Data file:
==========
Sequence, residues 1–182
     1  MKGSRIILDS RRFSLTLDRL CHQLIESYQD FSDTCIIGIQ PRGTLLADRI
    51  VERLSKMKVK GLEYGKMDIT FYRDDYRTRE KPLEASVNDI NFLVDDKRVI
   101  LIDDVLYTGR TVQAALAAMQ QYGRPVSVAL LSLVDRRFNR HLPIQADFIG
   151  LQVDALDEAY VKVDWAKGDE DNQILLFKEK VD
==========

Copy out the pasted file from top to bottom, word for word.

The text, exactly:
Sequence, residues 1–182
     1  MKGSRIILDS RRFSLTLDRL CHQLIESYQD FSDTCIIGIQ PRGTLLADRI
    51  VERLSKMKVK GLEYGKMDIT FYRDDYRTRE KPLEASVNDI NFLVDDKRVI
   101  LIDDVLYTGR TVQAALAAMQ QYGRPVSVAL LSLVDRRFNR HLPIQADFIG
   151  LQVDALDEAY VKVDWAKGDE DNQILLFKEK VD